The difference now is that I am ready to meet those challenges. I am ready to restructure my life in fundamental ways, and I think the world will benefit from the changes. My family and friends have been on my side the entire time, and I have not done poorly for myself by any stretch of the imagination. However, there are too many things missing. There is not a sense of satisfaction in my world (with the exception of my friends and family, including one recent burgeoning friendship). And I know that when I find the sense of comfort and space that I need, then the world will have to watch out, because I will want to take as much of it as I can before I leave (and I would dedicate it to my late uncle Joe, who introduced the beauty of jazz to my world, and the passion for cultural connections with both the United States and continental Africa).

I just need to take those steps, one at a time, each time moving one step ahead.

Friday, April 4, 2008

Forty Years Later

As I became more aware of my love of American history, I grew to be very proud of the fact that I was born in 1968, perhaps the most tumultuous year in 20th century American history. I also realized that my special birthdays would always mark the anniversaries of the deaths of King and Kennedy. So many people have concluded that 1968 proved to be a watershed year when liberalism as a truly respected political philosophy died in the embers of the riots that rocked the country.

On this 40th anniversary of MLK's death, I cannot help but marvel at the fact that we are watching a black person make a serious run for POTUS. We have a black Supreme Court Justice (regardless of what one thinks of his political philosophy, he is still a black man on the SCOTUS). We have a black woman who is in charge of all of our foreign policy as Secretary of State (and she is the second black person to have held that post within one administration). So much has happened, so much has changed, in my literal lifetime. I know that my ancestors would be gobsmacked to see what has come to pass.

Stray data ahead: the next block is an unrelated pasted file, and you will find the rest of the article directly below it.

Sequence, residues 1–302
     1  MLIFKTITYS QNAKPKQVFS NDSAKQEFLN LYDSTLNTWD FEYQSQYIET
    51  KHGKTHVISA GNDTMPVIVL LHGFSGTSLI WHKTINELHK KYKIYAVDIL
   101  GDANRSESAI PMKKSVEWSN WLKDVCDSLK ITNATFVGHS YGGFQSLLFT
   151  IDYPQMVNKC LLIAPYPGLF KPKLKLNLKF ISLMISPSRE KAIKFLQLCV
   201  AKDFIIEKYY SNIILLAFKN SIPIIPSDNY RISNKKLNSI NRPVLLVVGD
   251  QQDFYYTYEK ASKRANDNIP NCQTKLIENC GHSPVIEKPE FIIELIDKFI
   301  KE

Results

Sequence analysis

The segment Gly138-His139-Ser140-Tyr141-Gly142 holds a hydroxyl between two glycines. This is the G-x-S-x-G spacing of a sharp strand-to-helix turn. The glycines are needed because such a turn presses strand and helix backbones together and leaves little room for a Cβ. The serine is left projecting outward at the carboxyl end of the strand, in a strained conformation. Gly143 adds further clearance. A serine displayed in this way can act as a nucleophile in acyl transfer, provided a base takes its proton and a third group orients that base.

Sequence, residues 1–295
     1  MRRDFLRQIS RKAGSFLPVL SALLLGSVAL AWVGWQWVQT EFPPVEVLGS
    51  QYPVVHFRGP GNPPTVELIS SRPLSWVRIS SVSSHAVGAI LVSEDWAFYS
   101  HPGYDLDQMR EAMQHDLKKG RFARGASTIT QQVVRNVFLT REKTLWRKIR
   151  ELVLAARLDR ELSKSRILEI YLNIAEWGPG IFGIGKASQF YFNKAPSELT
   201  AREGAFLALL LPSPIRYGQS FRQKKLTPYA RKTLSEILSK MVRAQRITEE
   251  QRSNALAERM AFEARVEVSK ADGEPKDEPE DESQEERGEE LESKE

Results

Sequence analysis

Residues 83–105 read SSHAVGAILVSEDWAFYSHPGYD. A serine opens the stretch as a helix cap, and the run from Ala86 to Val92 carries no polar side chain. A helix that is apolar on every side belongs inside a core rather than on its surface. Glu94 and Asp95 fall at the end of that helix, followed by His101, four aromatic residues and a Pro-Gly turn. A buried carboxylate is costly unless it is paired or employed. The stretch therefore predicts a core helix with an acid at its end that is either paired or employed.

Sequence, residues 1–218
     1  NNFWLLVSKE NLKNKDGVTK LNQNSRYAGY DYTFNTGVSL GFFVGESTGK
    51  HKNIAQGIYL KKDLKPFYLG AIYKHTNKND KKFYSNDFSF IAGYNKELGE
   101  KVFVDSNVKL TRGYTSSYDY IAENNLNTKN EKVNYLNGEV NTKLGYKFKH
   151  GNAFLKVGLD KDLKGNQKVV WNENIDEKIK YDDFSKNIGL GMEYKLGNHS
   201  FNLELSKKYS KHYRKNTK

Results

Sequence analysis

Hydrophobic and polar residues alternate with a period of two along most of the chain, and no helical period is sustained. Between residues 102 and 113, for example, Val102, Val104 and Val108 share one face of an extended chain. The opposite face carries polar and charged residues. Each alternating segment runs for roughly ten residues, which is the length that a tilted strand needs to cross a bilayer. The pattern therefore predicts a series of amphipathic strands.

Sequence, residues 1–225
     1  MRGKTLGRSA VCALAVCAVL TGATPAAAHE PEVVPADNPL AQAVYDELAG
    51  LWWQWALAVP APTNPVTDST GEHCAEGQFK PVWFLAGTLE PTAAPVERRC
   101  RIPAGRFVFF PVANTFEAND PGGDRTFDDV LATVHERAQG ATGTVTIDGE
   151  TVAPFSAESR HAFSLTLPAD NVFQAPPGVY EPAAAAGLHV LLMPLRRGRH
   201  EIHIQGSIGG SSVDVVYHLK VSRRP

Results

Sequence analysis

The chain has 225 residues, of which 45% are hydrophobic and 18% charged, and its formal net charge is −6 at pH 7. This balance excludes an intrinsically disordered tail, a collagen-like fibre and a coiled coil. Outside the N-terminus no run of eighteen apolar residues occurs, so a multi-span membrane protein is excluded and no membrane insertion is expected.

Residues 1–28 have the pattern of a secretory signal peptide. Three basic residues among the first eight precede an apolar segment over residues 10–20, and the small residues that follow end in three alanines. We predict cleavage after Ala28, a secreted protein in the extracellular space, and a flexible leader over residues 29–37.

Yet, there are problems that have risen among black folk that defy logic in many instances. The problems are well known, and they are obvious. I've posted my thoughts on some of those issues in the past. I think that Obama, in his speech on race was right to state that there are too many within the black community who, in the midst of the aforementioned tremendous changes, continue to see more obstacles than opportunities. I am not so naive that I dismiss genuine problems based on race. Condolezza Rice correctly stated that racism was like a birth defect for our nation, and that we have been trying to accomodate that defect since 1776. But to suggest, as so many whom I know do, that racism seems to be everywhere and on the rise, I think is an exercise in hyperbole.

Conversely, I think that too many self-described conservatives dismiss the legitimate anger that many older black folk continue to harbor. Conservatives look at the issue of race, and its impact on the black community, in a purely ahistorical fashion. There has been a black presence physically in the U.S. since 1619. For 345 of the 389 years that black folks have been here, the country actively worked to hold them back. I am a part of the first generation to live in this nation when legalized segregation had been dismantled permanently. Conservatives too often pretend that those first 345 years were not really much of a cuckhold on the black community and its effort to progress. It is a testament to the black community that it was able to flourish in several areas in spite of the orchestrated effort to thwart that progression. That is never really talked about by conservatives, but perhaps they someday will gain an historical perspective.

King's assassination reminds me of the fact that we will never know the full capabilities of a man who provided a voice for the pain of a people who'd struggled, and survived for centuries. King, through his words and actions (as well as the thousands of other black folks and their supporters in individual communities around the nation) fought to remind this country of what it could become when it honored its own principles. Though King had his flaws and shortcomings, his work, like the work of so many of our most revered American leaders, supercedes those problems. Forty years later, it's clear to see that King helped to re-shape what America was, as well as how it perceived itself, and we should thank him for helping us get there.